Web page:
A poet, writer and politician born in Kreva
Uladzimir Niakliayeu is an author of ten books of original poetry and prose many of which have been translated into a number of languages. Thus the poet brought fame to the township his love and devotion to which we feel in his works.
“Kreva is my universe. And I’m its citizen. Some will call it provincial… Well, let them be. I’m not in that age and understanding of life and its values to be ashamed of provinciality,” Uladzimir Niakliayeu has no problem admitting himself being the township patriot.
The future poet, writer and politician was born on July 9, 1946 in Smarhon. His father, Prakop Niakliayeu, comes from Valhahrad region. After the war, he was sent to Western Belarus to open kolkhozy (so-called collective farms in the Soviet Union). He worked as a chairman of the local council in Kreva. There he met Uladzimir’s mother, Anastasiya Mager.
Little Valodzia spent his childhood in Kreva. He still remembers battling with boys on the hillfort and playing in German blindages.
He went to the first form of school in Kreva, and then attended a school in Smarhon till the 9th form. During his school years he was studying music and even played cymbals and bass in the Ahinski Folk Music Orchestra.
At the age of 15 Uladzimir Niakliayeu went to study in Minsk Technical School of Telecommunications. At that period he did boxing and wrestling. However, a serious trauma made him stop training. After graduating from the Technical School, Niakliayeu worked in the Far East and Siberia.
Started as a journalist, ended up an embattled editor
At the age of 21 Niakliayeu returned to Minsk where he worked as a radio mechanic in a studio for 4 years. Simultaneously he was studying at the faculty of philology of Belarusian Pedagogical Institute. Later he quit and went to Moscow to get to the School of Poetry of Literature Institute. Apparently, he changed to distant learning and moved back to Minsk.
A year before his graduation Uladzimir Niakliayeu took to journalism. His career kicked in in 1972 at the newspaper Znamia Yunosti, which was one of the most widely circulated newspapers at that time. When Niakliayeu was 29, he became an editor of the bulletin Theatrical Minsk and three weeks later left to work for the Belarusian TV.
From 1987 to 1998 Uladzimir Niakliayeu was the main editor of Krynitsa magazine. He called his editorial stuff “a luminous constellation”. The team of the magazine included such prominent literary people as Uladzimer Arlou, Leanid Dranko-Maysiuk, Ales Razanau, Leanid Halubovich. But the constellation burnt down.
Niakliayeu fell into disfavor of the Vice Prime-minister Uladzimir Zamiatalin. The poet accused the authorities of killing Belarusian culture. He was fired, and the magazine was closed down soon afterwards.
Till 1999 Uladzimir Niakliayeu had been editing the weekly magazine Litaratura i Mastatstva. After he was fired with a lot of publicity and a conflict with the government, he moved to Poland and then spent 4 years in Finland and returned to Belarus only in 2004.
“Go the Limit” and a novel about Kreva
Uladzimir Niakliayeu writes his works only in Belarusian, although he prepared his first book in Russian. He brought the manuscript to the publishing house Maladaya Gvardiya in Moscow, and then… he took it back and decided to publish his collection in his native language. The book was brought out in 1976 under the title “Adkryccio”.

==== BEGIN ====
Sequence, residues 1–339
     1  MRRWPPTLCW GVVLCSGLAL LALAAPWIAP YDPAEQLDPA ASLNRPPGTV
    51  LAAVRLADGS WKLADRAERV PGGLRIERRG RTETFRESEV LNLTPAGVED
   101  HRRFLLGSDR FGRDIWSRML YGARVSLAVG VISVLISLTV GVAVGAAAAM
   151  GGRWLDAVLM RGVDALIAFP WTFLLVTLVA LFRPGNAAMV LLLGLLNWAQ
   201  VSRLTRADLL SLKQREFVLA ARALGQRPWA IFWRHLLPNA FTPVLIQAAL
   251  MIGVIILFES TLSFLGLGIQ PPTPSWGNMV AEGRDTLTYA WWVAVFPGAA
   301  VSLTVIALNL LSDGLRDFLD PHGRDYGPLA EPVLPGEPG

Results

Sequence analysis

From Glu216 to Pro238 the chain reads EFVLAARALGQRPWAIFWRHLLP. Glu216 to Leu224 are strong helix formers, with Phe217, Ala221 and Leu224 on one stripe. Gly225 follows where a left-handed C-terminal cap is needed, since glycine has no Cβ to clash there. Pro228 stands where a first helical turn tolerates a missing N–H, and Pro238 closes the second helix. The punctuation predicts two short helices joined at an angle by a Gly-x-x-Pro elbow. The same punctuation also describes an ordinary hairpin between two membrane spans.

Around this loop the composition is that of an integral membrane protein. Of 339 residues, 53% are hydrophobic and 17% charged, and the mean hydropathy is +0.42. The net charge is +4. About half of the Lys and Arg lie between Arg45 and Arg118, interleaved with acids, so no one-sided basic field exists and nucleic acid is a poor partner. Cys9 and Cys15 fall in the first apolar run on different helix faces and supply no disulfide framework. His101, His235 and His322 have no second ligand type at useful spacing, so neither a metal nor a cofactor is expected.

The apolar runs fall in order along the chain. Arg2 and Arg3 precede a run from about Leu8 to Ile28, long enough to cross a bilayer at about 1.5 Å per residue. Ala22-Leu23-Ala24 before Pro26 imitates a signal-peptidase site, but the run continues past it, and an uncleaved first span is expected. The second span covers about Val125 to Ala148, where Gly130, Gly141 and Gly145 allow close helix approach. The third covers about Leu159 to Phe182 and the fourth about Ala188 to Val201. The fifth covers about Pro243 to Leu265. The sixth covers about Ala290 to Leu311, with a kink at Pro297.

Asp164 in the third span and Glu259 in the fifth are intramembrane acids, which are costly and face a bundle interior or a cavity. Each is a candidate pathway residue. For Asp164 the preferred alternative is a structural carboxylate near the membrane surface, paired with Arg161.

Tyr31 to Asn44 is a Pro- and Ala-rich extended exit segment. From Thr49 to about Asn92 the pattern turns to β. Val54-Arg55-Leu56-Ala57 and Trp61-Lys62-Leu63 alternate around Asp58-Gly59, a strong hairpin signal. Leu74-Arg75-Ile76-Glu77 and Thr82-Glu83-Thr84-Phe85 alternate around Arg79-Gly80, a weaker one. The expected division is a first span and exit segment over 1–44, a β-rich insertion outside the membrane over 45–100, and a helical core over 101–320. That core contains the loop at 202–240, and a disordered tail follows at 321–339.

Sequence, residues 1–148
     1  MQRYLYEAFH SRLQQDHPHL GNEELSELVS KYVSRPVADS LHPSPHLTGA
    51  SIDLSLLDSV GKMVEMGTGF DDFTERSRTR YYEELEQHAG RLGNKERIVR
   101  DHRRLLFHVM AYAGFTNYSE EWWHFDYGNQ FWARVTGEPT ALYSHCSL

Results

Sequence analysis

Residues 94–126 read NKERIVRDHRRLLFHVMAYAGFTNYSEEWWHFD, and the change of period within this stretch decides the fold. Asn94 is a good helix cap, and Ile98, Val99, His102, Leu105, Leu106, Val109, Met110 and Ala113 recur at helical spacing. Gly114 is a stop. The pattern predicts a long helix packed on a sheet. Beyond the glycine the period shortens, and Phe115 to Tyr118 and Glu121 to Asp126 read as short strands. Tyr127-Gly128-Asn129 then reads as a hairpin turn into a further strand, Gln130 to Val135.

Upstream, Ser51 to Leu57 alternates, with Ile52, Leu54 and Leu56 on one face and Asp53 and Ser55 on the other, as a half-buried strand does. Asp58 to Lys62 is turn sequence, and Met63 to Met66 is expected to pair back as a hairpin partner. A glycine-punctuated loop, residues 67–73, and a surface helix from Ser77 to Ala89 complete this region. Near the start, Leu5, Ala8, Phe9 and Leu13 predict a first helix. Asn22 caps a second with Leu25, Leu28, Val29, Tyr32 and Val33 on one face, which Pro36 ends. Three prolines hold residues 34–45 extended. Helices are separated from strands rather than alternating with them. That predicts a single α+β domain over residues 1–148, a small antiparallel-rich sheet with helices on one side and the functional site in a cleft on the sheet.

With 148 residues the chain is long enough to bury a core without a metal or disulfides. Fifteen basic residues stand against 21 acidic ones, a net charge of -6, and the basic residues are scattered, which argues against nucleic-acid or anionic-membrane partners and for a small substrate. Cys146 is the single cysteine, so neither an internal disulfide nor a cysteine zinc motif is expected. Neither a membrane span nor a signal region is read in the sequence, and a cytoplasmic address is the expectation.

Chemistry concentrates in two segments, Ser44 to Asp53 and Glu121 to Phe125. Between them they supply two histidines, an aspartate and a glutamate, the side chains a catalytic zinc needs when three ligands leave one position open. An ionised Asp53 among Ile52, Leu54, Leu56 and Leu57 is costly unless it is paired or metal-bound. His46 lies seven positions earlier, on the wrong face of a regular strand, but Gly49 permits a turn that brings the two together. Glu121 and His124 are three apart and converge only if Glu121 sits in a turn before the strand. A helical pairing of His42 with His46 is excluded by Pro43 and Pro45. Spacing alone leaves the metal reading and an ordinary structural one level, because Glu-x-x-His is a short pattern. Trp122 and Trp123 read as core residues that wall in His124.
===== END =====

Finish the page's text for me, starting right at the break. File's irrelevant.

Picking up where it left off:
In the ‘80s Niakliayeu wrote lyrics for many songs by the ensembles Piesniary, Vierasy, Siabry as well as for Zmitser Vaitsiushkevich and pop singers Anzhalika Ahurbash and Iryna Darafeeva. The most popular hit with lyrics by Uladzimir Niakliayeu was “Go the Limit” (in the original, “Huliats dyk huliats”) sang by Siabry. Music for some of his lyrics was written by the prominent Belarusian musician Vasil Rayinchyk.
Niakliayeu published dozens of books, among them are poetry collections “Naskroz”, “Proshcha”, “Kon”, etc., and prose books “Tsentr Europy”, “Znaki Prypynku”…
In 2010 he published “Listy da Voli” (tr. “Letters To The Freedm”), the poems he wrote while kept in the detention center of KGB.
Uladzimir Niakliayeu is also the author of several novels. When in immigration, he launched “Labikh”, and in 2012 published “Autamat z Gaziroukai z Siropam i Biez” which won him the Jerzy Giedroyc international literary award.
In 2015 Belarusian Institute of Arts and Sciences (USA) nominated Uladzimir Niakliayeu for another literary award. The Institute was supported by a New York based publishing house Juliette which brought out a collection of poetry by Niakliayeu. The book “Belarus – Беларусь” was published in three languages: Belarusian, Russian and English.
In February 2018 Uladzimir Niakliayeu published another book of prose “Na Usiakim Svietsie”.
Almost all the works by the poet are somehow connected with Kreva. There are many poems dedicated to Kreva, and if Kreva is not mentioned directly in some of his books, it was anyway where he was working on them.
In one of his last interviews Niakliayeu tells that he is now working on the dramatic text “Kreva” in which he intends to reflect on the dramatic history of the township.
“Everything that is connected with Kreva is my life, my way. Everything connected with the history unfolding on these hills, with the graves of my parents, grandparents and great-grandparents. It is enough to not feel alone in this world. It’s even more than enough”, confesses Uladzimir Niakliayeu and adds, “I was born in Kreva, and I am going to die here.”
A poet and politician
In 2010 Uladzimir Niakliayeu became a leader of the civil campaign “Gavary Praudu!” (tr. “Tell the Truth!”) which was part of his election campaign at the presidential election in Belarus. After the mass detentions Niakliayeu was arrested. However, he didn’t give up his civic activism and now combines it with literature.